The video quality is excellent to my eyes, presented in 16:9 anamorphic widescreen (matching the show's aspect ratio as it is currently recorded). The colours are also vibrant without being oversaturated, simultaneously managing 'true' blacks (that aren't dark grey, in other words) and very natural skin tones. As it's not precisely the kind of series that lends itself to special effects or a graphics-intensive approach, there's nothing all that flashy to report... just a nice, sharp picture with no ghastly visual glitches. (It's a very recent TV show though, so if any major flaws had been present in the DVD it would have been a little strange.) And can I say how nice it is to watch Have I Got News For You in widescreen!


As might be expected, the soundtrack is just your usual stereo mix, as a news satire programme isn't exactly the kind of television format that benefits from Dolby Surround. It's a fairly basic TV show setup, in fact, with no desperate need for wizzy sound effects... although there is sufficient use of stereo separation and left/right directionality for the viewer to tell from which side of the room a given comment comes (not that it's that hard to recognise the distinctive voices of Paul Merton and Ian Hislop). I suppose the main thing is that all the voices are clear and distinct throughout (well, apart from some mumbling by Boris Johnson where I had to turn the volume up!). On a related note, both discs include English subtitles for the hard of hearing which cover not only the episodes themselves but also all of the extra material, a welcome addition.


As expected, the second disc contains the special features of this release. Firstly there's 'The Full Boris', an hour or so of taped material from the episode Boris Johnson presented. It's the first time I've been exposed to the editing process for this show, as we see an unexpurgated episode in its full glory and can see which bits were cut in order to produce the final aired episode as seen on the previous disc. It's a slight shame there's no commentary explaining the whole procedure, but it's certainly good to get a glimpse of this editorial process. Naturally, Boris Johnson was a highly amusing presenter who oft-appeared somewhat befuddled, allowing for a lot of good banter and some superb comedic moments (especially some of Merton's facial expressions).

There's more Boris, fear not! He also takes part in a clip from Room 101, another television show presented by Paul Merton. In this particular clip, Johnson and Merton discuss the former's appearance on Have I Got News For You and how the experience was for both of them. It's good stuff and quite entertaining, as well another interesting insight into how Have I Got News For You is put together.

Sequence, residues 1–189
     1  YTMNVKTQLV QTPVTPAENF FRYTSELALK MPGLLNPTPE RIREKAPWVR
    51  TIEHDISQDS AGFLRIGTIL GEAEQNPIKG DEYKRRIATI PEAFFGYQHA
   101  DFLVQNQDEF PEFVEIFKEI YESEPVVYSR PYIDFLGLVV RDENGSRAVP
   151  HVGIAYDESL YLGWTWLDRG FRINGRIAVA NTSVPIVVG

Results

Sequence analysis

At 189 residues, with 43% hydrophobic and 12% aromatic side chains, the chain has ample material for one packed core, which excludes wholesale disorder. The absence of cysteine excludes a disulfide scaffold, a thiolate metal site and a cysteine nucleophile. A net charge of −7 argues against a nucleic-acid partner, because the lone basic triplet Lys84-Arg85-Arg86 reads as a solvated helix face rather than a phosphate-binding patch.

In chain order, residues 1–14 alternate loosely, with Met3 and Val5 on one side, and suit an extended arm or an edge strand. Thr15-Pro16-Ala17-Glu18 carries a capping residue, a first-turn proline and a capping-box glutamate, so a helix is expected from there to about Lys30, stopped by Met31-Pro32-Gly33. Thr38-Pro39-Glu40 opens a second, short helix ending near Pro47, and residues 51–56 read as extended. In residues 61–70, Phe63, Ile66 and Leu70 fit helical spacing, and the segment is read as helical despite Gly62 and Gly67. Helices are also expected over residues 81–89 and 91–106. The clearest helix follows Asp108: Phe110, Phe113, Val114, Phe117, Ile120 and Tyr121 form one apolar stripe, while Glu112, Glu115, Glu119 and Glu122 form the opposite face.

After this interview with Boris Johnson, we are treated to a few more interviews in the form of interleaved segments featuring Martin Clunes, William Hague, and Bruce Forsyth. Basically each covers how he got to become a presenter on the show, what he thought of the experience, and how he personally found it. It's particularly engaging in the cases of Hague and Forsyth, neither of whom were natural replacements for Deayton. Forsyth's initial nerves at appearing on such a trendy programme was particularly interesting – as were Hague's comments about politicians appearing on humorous shows such as Have I Got News For You. Good stuff all around.

The final special feature is a fairly lengthy chat between Paul Merton and Ian Hislop where they discuss the whole reasoning behind having guest presenters in the first place and then proceed to go through each guest presenter one by one and give their thoughts on how they did, or recount anecdotes from the filming process. This is where some of the most interesting information can be found, as might be expected. It's rather more revealing than we're used to the team captains being and, frankly, it's just nice to see them sitting down for a chat about their long-running series.


Your enjoyment of this DVD release will depend on a number of key factors – whether you like topical news satire quiz shows, how strongly you feel losing Deayton affected the dynamic of Have I Got News For You, and your love of compilations. I think this release does a good job of showing what each guest presenter was like on the show, with a competent mix of full episodes and montage sequences. I am an unrepentant fan of the show and I found the insights into the production of the series depicted on the extras disc really fascinating. And yes, the material is certainly very funny, despite the obvious time lapse since the news being shown was current. Overall I think this makes a very good companion to the previous Have I Got News For You DVD release, although it is a shame that it's lacking the full-length commentaries and trivia notes provided on the other release.

9 out of 10
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out of 10